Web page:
China’s more assertive posture in its near abroad has its neighbours more concerned about Beijing’s ambitions, and President Donald Trump’s seeming vacillation on US commitments to the region have many of those countries reassessing their own security and diplomatic relationships.
At present, the balance of power in Asia “really is one of contested US primacy,” Hervé Lemahieu, a research fellow at Australian think tank the Lowy Institute, told Business Insider earlier this month.
“We now have two regional superpowers, and they both have their strengths, and they both have remarkable weaknesses,” said Lemahieu, who is also director of the Lowy Institute’s Asia Power Index project, which assesses countries in the region on a range of political, military, and economic factors.
But he stressed that the current dynamic is not a binary one.
“We’re not seeing a renewed Cold War where Asia’s carved up … into zones of influence, because there are so many other actors involved with their own interests and agendas,” he said.
Wariness about China has led countries in the region to look for ways to balance against potential challenges emanating from Beijing. Some of those responses include the US. Some look to build new ties between neighbours.
Below, you can see what Lemahieu described as the main ways countries in Asia are responding to China.
Despite unease about the US’s policy toward China and Asia in general, many countries in the region continue to see a partnership with Washington as the way to go.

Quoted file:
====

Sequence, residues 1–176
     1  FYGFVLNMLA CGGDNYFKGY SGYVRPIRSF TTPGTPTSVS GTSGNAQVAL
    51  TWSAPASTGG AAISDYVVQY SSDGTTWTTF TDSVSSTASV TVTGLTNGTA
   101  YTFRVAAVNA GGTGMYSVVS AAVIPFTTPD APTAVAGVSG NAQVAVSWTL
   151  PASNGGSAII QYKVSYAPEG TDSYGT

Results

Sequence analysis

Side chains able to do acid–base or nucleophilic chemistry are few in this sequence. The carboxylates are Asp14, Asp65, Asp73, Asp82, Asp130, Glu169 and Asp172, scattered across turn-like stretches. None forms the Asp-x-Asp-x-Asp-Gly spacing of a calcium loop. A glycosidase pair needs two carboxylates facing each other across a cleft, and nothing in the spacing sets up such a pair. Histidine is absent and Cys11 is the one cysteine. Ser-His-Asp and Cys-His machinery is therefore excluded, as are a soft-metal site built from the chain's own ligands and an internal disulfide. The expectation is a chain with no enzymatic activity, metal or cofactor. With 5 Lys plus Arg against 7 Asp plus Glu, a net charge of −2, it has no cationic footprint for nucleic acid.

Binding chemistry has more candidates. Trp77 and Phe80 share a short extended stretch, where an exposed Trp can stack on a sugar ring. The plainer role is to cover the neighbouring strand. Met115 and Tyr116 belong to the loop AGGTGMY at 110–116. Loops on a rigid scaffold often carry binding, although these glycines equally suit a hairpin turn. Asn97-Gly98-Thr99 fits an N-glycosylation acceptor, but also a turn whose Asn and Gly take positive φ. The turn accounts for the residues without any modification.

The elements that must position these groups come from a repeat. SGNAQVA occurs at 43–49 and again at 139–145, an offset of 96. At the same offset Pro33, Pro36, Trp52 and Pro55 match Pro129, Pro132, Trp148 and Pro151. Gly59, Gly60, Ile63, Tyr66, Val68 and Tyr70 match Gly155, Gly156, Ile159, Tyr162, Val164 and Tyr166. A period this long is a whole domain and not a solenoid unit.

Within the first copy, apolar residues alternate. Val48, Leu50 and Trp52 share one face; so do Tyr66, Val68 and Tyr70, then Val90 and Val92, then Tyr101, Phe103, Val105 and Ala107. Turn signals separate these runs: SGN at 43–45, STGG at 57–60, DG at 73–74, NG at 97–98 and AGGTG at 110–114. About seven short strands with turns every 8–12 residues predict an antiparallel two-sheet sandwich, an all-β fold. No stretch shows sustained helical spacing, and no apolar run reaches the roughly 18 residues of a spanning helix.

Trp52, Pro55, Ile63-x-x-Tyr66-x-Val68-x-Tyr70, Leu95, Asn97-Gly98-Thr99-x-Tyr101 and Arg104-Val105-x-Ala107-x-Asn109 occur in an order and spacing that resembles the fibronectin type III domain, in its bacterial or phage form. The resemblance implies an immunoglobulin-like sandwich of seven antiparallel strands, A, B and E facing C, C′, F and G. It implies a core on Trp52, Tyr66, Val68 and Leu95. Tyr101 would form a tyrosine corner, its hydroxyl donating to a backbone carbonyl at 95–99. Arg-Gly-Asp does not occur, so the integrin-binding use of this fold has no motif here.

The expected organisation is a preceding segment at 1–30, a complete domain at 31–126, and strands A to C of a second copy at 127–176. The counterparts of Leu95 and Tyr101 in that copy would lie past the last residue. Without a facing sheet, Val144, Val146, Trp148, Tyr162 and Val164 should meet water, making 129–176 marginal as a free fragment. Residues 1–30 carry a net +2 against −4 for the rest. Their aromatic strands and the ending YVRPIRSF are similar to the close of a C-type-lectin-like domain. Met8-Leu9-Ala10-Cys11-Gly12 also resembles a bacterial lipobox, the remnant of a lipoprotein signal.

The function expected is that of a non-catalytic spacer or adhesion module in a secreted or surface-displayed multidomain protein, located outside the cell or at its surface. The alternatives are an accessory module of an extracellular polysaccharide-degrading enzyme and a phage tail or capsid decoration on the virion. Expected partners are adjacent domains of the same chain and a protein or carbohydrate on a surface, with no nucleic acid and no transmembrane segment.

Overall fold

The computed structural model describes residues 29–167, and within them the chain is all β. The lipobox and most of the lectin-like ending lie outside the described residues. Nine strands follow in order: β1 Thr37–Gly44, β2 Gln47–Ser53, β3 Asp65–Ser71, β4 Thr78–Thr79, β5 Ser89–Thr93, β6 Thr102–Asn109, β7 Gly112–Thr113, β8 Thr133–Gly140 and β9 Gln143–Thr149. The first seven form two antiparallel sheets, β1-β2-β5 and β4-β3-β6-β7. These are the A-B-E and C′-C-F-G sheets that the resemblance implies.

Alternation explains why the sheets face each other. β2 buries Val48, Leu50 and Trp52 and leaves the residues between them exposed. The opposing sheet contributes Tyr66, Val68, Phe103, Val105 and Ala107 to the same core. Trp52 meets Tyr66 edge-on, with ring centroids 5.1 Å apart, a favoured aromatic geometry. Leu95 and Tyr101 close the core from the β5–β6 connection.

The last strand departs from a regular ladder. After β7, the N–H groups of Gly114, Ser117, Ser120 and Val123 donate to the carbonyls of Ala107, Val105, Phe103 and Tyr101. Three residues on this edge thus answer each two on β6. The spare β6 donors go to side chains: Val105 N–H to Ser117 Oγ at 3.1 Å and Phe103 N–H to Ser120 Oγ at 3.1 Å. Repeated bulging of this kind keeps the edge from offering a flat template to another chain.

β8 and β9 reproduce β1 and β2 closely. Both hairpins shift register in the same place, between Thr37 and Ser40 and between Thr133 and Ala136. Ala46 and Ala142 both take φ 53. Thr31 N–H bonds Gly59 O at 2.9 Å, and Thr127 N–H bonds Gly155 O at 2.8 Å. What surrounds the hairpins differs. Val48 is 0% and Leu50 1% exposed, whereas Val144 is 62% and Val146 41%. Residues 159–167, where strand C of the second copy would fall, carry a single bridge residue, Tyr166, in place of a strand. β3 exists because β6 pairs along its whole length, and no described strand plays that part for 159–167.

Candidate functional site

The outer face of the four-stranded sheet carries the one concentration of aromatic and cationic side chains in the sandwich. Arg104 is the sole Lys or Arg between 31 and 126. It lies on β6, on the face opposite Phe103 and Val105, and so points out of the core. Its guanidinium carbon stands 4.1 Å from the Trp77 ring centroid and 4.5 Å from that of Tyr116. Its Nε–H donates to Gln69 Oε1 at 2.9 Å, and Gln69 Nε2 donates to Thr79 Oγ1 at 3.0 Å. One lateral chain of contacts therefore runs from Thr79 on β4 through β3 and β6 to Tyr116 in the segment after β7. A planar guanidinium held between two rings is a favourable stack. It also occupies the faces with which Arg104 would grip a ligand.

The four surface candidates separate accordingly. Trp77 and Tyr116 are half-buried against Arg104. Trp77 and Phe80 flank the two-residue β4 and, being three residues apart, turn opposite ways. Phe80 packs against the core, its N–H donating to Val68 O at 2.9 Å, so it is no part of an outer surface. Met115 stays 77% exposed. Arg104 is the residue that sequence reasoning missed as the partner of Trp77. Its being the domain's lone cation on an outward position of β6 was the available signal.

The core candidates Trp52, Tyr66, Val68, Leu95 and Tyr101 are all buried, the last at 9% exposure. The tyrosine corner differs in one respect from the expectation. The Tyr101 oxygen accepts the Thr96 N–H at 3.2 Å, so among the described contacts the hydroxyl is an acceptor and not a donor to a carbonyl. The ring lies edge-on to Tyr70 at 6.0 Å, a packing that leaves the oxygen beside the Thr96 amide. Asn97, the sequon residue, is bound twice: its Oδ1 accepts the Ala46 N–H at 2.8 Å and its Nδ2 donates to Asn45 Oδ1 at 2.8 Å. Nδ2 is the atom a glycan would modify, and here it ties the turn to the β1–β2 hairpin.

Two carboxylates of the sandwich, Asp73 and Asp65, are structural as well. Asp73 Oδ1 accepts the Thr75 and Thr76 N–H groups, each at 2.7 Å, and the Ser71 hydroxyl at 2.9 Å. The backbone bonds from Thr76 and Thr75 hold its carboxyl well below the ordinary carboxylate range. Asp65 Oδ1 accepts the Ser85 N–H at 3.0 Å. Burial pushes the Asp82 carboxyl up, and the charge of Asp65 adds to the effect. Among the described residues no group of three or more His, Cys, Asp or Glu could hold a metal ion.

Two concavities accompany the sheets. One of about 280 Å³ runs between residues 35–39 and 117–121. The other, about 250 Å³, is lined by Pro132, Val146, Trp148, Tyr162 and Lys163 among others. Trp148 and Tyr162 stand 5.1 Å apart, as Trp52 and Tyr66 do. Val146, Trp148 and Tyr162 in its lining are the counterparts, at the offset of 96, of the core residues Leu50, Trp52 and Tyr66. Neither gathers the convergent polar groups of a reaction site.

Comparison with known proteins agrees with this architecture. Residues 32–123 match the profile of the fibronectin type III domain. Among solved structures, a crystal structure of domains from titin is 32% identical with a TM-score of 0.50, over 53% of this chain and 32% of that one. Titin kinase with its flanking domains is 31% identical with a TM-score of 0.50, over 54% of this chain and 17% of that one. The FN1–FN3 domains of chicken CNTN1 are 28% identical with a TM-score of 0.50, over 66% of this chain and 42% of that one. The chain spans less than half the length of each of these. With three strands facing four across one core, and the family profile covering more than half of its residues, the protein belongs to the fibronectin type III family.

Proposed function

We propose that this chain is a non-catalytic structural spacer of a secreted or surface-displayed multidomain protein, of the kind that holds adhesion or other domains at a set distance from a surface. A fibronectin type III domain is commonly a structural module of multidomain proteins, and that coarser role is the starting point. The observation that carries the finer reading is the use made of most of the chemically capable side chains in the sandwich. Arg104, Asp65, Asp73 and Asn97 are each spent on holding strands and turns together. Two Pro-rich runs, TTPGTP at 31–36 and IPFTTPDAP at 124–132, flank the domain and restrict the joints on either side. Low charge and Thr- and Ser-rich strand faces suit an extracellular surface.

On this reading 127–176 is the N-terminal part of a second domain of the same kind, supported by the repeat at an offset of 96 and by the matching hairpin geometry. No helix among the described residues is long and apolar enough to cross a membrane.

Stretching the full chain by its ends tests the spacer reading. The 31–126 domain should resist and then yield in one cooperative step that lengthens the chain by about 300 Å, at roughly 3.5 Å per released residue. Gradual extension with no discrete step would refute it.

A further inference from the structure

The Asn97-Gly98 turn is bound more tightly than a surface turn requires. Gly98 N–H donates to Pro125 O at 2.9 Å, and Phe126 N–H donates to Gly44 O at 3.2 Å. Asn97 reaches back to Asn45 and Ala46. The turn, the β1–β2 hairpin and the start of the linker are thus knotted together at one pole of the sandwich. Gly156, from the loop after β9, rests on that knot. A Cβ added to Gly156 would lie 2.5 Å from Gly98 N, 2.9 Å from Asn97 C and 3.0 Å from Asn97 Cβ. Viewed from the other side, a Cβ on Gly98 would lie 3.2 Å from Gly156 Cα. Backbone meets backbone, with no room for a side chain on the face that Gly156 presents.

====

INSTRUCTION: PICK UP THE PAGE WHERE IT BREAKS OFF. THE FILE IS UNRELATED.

“Countries are pursuing different routes by which they wish to hedge China’s rise,” Lemahieu said. “The first is the conventional route, which is sort of hugging America.”
The Asia Power Index assesses a country’s power with a weighted average across eight measures. Based on defence networks, which is one of those measures, the US retains its primacy, with a score of 89.6 to second-place China’s 69.7.
Ranked by its regional-alliance network, a subcategory within that measure, the US is still far ahead, scoring 100 to runner-up Australia’s 80.1.
The alliance-centric version of defence partnerships, “where you have … mutual defence-treaty allies, of which the US has a number accumulated over the last half-century,” suits the US very well, Lemahieu told Business Insider.
“There’s increasingly this new form of defensive policy taking place in Asia, which doesn’t really rest in mutual defence treaties but rests in deepening defence partnerships through extensive bilateral exercises, through arms transfers, which are a sign of the strategic weight of an emerging relationship, and other means that countries are pursuing to diversify” their defence networks, Lemahieu said.
A kind of external balancing, in which smaller players band together, is starting to emerge.
“It’s developing, and it’s unproven,” Lemahieu said. “So there’s a degree of depth there, but it could be stronger.”
Based on regional non-allied partners, another subcategory in the defence-networks measure, Singapore is far ahead, with a score of 100. The US, with a score of 73.9, ranks fourth, behind Australia, with 90.4, and Malaysia, at 83.2.
“Smaller countries, like Singapore, they do very well at this,” Lemahieu told Business Insider. “They have to. They’re small. They’re vulnerable. They need to be investing in their defence networks.”
“But even traditional allies of the United States, like Australia, have started hedging against the prospect of a possible US retrenchment from the region,” he added. “It’s a reality in the mind of a lot of allies, who traditionally have formed part of this hub-and-spoke system surrounded by the United States – i.e. their relationship with other US allies has been really precipitated through Washington, DC.”